In a new E! series, an 'Idol' bigwig connects YouTube acts with concert stars

In the premiere episode of E!'s new reality show, "Opening Act," a 21-year-old singer/songwriter was plucked from a Dallas suburb to open a Rod Stewart concert in Las Vegas. She didn't ask to play for Stewart and, indeed, never even auditioned for the competition show. Instead, "American Idol" impresario Nigel Lythgoe and a team of producers, songwriters and musicians saw a few of her YouTube videos and decided she deserved a spot on a main stage.

Arielle (she's dropped her last name) was brought to a coffeehouse in Allen, Texas, where crews captured the shock and broad smile she delivered after receiving the news. She was then sent on five days of intensive training sessions in which Lythgoe, the executive producer of "Idol," and two producers gently suggested she should skip her Adele-like original number and perform a different song that was being pitched to Selena Gomez. Reluctantly, she agreed with the professionals, got a makeover and eventually did a reasonably good job with the tune, which sounded far too adult for Gomez.

This premise will be repeated seven more times on Mondays this summer, with complete unknowns groomed to open shows by Lady Gaga, LMFAO, Jason Mraz, Brad Paisley, Jason Aldean, Nicki Minaj and Gym Class Heroes.

As with "Idol," the entire show revolves around a so-called "journey" in which an unknown wannabe is magically transformed into a potential pop superstar. "I do believe it is a journey from the point we tell them 'You are opening for' until they go on that stage," Lythgoe says, noting that the acts have only five days before the performances to start work on a song or two. "[Emotions] go from 'This is fantastic-the best thing in my life' to 'Am I good enough? Will I get through this?'"

In Arielle's case, her opening gig put an end to a steady stream of rejection she's endured throughout her life. A bonus came when Stewart spontaneously invited her to duet with him on "Have I Told You Lately?"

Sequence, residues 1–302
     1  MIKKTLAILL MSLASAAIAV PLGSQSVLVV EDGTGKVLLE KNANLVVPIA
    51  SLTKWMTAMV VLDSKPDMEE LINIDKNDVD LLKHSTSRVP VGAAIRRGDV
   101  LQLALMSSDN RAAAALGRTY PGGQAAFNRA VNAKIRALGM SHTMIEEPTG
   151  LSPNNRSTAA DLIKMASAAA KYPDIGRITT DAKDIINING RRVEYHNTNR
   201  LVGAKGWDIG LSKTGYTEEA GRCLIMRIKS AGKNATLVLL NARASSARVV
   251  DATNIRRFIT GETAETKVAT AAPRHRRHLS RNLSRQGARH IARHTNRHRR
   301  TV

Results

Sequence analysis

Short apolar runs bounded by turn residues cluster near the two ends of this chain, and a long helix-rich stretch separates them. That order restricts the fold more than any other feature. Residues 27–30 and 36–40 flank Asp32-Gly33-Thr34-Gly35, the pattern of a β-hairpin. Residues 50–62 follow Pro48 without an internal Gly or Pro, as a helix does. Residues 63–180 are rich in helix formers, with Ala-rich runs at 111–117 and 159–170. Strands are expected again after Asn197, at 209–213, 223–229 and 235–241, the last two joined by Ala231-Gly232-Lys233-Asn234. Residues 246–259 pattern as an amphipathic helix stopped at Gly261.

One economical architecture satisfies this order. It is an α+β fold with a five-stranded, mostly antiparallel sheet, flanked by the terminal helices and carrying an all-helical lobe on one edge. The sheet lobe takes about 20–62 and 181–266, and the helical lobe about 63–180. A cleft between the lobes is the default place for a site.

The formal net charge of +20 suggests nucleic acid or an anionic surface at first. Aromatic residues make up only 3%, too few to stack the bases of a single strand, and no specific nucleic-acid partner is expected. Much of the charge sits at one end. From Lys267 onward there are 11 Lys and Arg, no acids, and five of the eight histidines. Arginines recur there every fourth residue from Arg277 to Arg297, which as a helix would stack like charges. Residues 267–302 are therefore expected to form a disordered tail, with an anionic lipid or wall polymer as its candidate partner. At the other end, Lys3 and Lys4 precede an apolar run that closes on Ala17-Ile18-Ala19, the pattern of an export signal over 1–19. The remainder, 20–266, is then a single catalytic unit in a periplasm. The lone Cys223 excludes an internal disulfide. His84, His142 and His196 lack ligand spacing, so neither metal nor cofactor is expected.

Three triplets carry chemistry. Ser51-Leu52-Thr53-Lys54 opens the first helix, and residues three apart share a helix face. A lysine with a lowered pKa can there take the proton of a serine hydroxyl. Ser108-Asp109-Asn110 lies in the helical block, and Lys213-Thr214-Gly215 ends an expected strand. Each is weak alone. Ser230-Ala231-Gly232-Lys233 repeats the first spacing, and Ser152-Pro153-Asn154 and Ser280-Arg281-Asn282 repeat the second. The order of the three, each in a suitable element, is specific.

Lythgoe says the show's best moments come in the unscripted segments between the time an opening act is selected and when the artist ultimately hits the stage. "When you take four kids . . . out of New Jersey and put them into this situation, they start questioning each other. All of a sudden [the band has] a different dynamic. When one kid [is told], 'You're opening for Lady Gaga,' and you find out that their mom is a Jehovah's Witness who thinks Gaga is the devil's spawn, you have a totally different story."

Steve Schnur, worldwide executive of music and music marketing for Electronic Arts, brought the "Opening Act" concept to Lythgoe a year-and-a-half ago, and says E! was the only network they pitched. An artist development team that includes Mary J. Blige, Fall Out Boy's Pete Wentz and producer Antonina Armato of production trio Rock Mafia (Gomez, Miley Cyrus) assist Lythgoe in selecting talent and A&R capacities. In most cases, songwriters present a fresh song to the act, but the struggling artists are allowed to make their own final decision on the material they perform.

Oklahoman Kylie Morgan is seen in commercials for the show receiving an invitation to participate from Aldean. Morgan was given the option of traveling to Nashville to work on a number with songwriter/producer Dann Huff or select a cover version of a well-known hit for one of her songs.

"I was really insistent that whatever you do, please do ["Phoebe"]," a song about bullying that was written in response to a 16-year-old's suicide, Lythgoe says. "It's a beautiful song."

Like "Idol," songs performed on the show will be made available for sale on iTunes immediately after the telecast. A label isn't involved, so songs will come directly from E! Lythgoe says the ultimate goal is for these opening acts to use the show as a calling card for recording contracts, and he believes there are already three or four acts ready to record.

"Even one band that has absolutely no talent-they're just fantastic," Lythgoe says with a laugh. "I love them."

NOTES: "True Blood" music supervisor Gary Calamar gets a co-writing credit with James Combs on "Let's Boot and Rally," a duet between Iggy Pop and Best Coast's Bethany Cosentino. The song debuted on the HBO series' season premiere . . . Filmmaker Keith Shapiro has begun a Kickstarter campaign to secure music rights for his documentary "Rhino Resurrected," about the fabled West Los Angeles indie retailer . . . Universal Republic's The Hunger Games: Songs From District 12 and Beyond was the top-selling soundtrack in the first half of the year, according to Nielsen SoundScan, selling more than 400,000 copies.